Interviews are the most common and effective means to perform requirements elicitation and support knowledge transfer between a customer and a requirements analyst. Ambiguity in communication is often perceived as a major obstacle for knowledge transfer, which could lead to unclear and incomplete requirements documents. In this paper, we analyze the role of ambiguity in requirements elicitation interviews, when requirements are still tacit ideas to be surfaced. To study the phenomenon, we performed a set of 34 customer–analyst interviews. This experience was used as a baseline to define a framework to categorize ambiguity. The framework presents the notion of ambiguity as a class of four main sub-phenomena, namely unclarity, multiple understanding, incorrect disambiguation and correct disambiguation. We present examples of ambiguities from our interviews to illustrate the different categories, and we highlight the pragmatic components that determine the occurrence of ambiguity. Along the study, we discovered a peculiar relation between ambiguity and tacit knowledge in interviews. Tacit knowledge is the knowledge that a customer has but does not pass to the analyst for any reason. From our experience, we have discovered that, rather than an obstacle, the occurrence of an ambiguity is often a resource for discovering tacit knowledge. Again, examples are presented from our interviews to support this vision.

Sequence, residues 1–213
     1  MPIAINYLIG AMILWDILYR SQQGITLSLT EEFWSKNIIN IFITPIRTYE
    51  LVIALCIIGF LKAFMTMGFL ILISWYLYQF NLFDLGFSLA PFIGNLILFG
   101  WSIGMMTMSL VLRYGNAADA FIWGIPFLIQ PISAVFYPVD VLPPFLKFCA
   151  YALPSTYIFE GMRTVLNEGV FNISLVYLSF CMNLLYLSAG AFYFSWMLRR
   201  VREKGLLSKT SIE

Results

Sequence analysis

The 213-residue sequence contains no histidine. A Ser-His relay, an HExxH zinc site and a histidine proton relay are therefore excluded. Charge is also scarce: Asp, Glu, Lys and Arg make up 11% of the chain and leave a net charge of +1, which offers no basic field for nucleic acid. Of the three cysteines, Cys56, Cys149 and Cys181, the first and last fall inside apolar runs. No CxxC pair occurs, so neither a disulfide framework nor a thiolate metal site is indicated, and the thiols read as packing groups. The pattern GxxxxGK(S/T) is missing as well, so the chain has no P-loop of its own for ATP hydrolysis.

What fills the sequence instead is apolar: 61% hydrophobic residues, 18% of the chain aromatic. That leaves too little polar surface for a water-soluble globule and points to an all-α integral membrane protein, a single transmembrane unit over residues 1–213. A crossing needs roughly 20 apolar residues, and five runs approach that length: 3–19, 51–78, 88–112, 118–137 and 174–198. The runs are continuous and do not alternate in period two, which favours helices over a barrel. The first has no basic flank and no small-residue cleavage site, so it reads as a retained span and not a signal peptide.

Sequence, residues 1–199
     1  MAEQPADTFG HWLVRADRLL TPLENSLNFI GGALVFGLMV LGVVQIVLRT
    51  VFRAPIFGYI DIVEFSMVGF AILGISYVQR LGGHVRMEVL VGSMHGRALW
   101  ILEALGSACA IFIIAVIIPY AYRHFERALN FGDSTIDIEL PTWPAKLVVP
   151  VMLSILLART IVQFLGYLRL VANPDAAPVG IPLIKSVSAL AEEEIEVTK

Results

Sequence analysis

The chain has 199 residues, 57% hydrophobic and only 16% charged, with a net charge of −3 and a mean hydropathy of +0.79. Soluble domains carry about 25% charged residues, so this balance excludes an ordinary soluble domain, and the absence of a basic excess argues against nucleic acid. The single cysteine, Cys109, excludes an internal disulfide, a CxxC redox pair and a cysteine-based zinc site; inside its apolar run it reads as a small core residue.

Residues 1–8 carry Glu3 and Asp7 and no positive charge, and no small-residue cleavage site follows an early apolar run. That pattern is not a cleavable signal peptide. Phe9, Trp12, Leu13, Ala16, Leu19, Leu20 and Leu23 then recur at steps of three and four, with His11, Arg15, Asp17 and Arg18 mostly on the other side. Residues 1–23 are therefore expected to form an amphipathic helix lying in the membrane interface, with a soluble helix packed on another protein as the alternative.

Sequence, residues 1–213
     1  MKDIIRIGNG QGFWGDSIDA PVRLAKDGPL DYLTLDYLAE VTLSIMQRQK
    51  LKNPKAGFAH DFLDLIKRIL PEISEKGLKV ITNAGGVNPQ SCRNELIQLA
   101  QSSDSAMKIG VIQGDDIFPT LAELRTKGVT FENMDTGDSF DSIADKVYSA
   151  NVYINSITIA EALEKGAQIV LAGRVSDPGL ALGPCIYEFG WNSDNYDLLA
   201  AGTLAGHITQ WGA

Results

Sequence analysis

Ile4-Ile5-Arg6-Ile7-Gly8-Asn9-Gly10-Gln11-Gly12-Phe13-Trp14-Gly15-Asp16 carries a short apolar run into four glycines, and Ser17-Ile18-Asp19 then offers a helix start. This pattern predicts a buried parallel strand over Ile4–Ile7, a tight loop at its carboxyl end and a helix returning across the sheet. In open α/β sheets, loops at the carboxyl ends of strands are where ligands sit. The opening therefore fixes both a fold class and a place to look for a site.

Ambiguity and tacit knowledge in requirements elicitation interviews

Spoletini P.;
2016

Abstract

Interviews are the most common and effective means to perform requirements elicitation and support knowledge transfer between a customer and a requirements analyst. Ambiguity in communication is often perceived as a major obstacle for knowledge transfer, which could lead to unclear and incomplete requirements documents. In this paper, we analyze the role of ambiguity in requirements elicitation interviews, when requirements are still tacit ideas to be surfaced. To study the phenomenon, we performed a set of 34 customer–analyst interviews. This experience was used as a baseline to define a framework to categorize ambiguity. The framework presents the notion of ambiguity as a class of four main sub-phenomena, namely unclarity, multiple understanding, incorrect disambiguation and correct disambiguation. We present examples of ambiguities from our interviews to illustrate the different categories, and we highlight the pragmatic components that determine the occurrence of ambiguity. Along the study, we discovered a peculiar relation between ambiguity and tacit knowledge in interviews. Tacit knowledge is the knowledge that a customer has but does not pass to the analyst for any reason. From our experience, we have discovered that, rather than an obstacle, the occurrence of an ambiguity is often a resource for discovering tacit knowledge. Again, examples are presented from our interviews to support this vision.
Ambiguity; Interviews; Natural language; Requirements elicitation; Requirements engineering
Ferrari, A.; Spoletini, P.; Gnesi, S.
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Utilizza questo identificativo per citare o creare un link a questo documento: http://hdl.handle.net/11383/2105603
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